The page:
3.2.3. Compiling Linux 2.0.x Kernels
Please see Section 2.8 for any required software, patches, etc.
First of all, you need the kernel source for 2.0.x (preferably the latest kernel version)
As the 2.0.x train progress, the compile-time options keep on changing. As of this version, this section reflects the settings for a 2.0.39 kernel.
If this is your first time compiling the kernel, don't be scared. In fact, it's rather easy and it's covered in several URLs found in Section 2.8 . Please note that the instructions included here is just one way to do build a kernel. Please see the Kernel HOWTO for full details.
NOTE: Please notice that it isn't recommended to put the new kernel sources into /usr/src/linux. You should leave the original kernel sources that came with your Linux distribution in /usr/src/linux. For more details on this topic, please read the "README" file in the top level directory of your kernel sources.
For this HOWTO example, create a directory called /usr/src/kernel . Next, "cd" into this directory and download the newest 2.0.x kernel sources into it. Once downloaded, issue the following command: tar xvzf linux-2.0.x.tar.gz . Please substitute the "x" in the 2.0.x filename with the Linux 2.0 kernel version you downloaded.
Once uncompressed, I recommend that you rename the directory from "linux" to "linux-2.0.x" for clarity. To do this, run the command mv linux linux-2.0.x . Next, make sure there is a directory or symbolic link pointing to /usr/src/kernel/linux ie. run the command: ln -s /usr/src/kernel/linux-2.0.x /usr/src/kernel/linux o again subsituting the "x" for your proper kernel version.
Apply any appropriate or optional patches to the kernel source code. By default, stock Linux kernels do not require any specific patching in order for the system to work. Features like IPPORTFW, PPTP, and Xwindows forwarders are optional but very useful. Please refer to Section 2.8 for URLs and the IP Masquerade Resources for up-to-date information and patch URLs.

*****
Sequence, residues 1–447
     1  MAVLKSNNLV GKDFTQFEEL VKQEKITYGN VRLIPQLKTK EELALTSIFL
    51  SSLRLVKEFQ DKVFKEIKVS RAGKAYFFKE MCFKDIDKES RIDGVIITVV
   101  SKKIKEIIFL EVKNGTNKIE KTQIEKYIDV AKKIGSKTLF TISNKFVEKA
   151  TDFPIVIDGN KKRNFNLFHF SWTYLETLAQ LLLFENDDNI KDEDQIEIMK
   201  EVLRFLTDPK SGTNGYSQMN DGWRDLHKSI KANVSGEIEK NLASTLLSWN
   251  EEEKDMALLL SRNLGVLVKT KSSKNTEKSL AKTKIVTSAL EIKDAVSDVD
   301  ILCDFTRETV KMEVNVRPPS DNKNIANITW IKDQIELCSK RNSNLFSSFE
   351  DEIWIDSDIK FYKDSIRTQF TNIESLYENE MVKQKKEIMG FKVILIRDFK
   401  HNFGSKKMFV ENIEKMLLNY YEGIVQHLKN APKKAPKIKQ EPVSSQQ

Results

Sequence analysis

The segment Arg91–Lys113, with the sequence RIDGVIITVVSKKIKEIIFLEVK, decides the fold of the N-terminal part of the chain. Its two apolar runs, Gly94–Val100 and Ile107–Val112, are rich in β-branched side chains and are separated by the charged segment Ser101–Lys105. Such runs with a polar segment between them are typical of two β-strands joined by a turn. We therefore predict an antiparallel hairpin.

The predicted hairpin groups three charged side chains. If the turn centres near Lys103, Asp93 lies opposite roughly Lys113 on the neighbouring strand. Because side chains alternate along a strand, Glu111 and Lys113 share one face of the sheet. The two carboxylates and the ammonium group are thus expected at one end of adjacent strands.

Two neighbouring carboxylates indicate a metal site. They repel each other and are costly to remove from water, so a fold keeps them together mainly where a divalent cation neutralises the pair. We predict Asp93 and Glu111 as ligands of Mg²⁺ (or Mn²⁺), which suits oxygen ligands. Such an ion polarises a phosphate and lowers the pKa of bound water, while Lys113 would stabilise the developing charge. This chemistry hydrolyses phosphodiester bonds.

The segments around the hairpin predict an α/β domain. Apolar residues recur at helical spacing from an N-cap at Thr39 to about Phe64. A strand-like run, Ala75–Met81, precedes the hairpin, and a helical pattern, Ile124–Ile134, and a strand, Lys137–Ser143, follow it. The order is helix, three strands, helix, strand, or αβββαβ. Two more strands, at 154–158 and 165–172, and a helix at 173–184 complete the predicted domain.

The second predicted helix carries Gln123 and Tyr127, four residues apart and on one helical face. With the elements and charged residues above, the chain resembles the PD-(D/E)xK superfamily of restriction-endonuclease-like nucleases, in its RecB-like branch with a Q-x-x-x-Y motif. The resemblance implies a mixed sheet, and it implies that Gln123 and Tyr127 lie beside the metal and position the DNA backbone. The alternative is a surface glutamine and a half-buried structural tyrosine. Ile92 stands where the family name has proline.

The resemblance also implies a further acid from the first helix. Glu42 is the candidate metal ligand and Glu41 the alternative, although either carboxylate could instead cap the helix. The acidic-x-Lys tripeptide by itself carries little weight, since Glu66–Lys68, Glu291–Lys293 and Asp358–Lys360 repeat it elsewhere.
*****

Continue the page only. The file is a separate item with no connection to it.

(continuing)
Now that the kernel is patched up (if required), here are the MINIMUM kernel configuration options required to enable IP Masquerade functionality. Please understand that this HOWTO illustrates just ONE way to compile a kernel. The main difference from this method vs. a different one is some people wish to compile things either as modules OR monolithically right into the kernel. Basically, compiling things as modules gives you added flexibility to what is or isn't installed into the kernel (reduces unneeded memory use and allow for drop-in upgrades [no need to reboot]) BUT they add more complexity to your configuration. On the flip side, compiling things directly into the kernel makes things simpler BUT you loose a level of flexibility. The following example is a mixture of both built-in AND modules.
Side Note: It is assumed that you will also configure the kernel to use your other installed hardware such as network interfaces, optional SCSI controllers, etc. as well. Please refer to the Linux Kernel HOWTO and the kernel source's "README " file and "Documentation/ " directory for detailed help on compiling a kernel.
Please note the YES or NO ANSWERS to the following options. Not all options will be available without the proper kernel patches described later in this HOWTO:
Run the following commands to configure your kernel: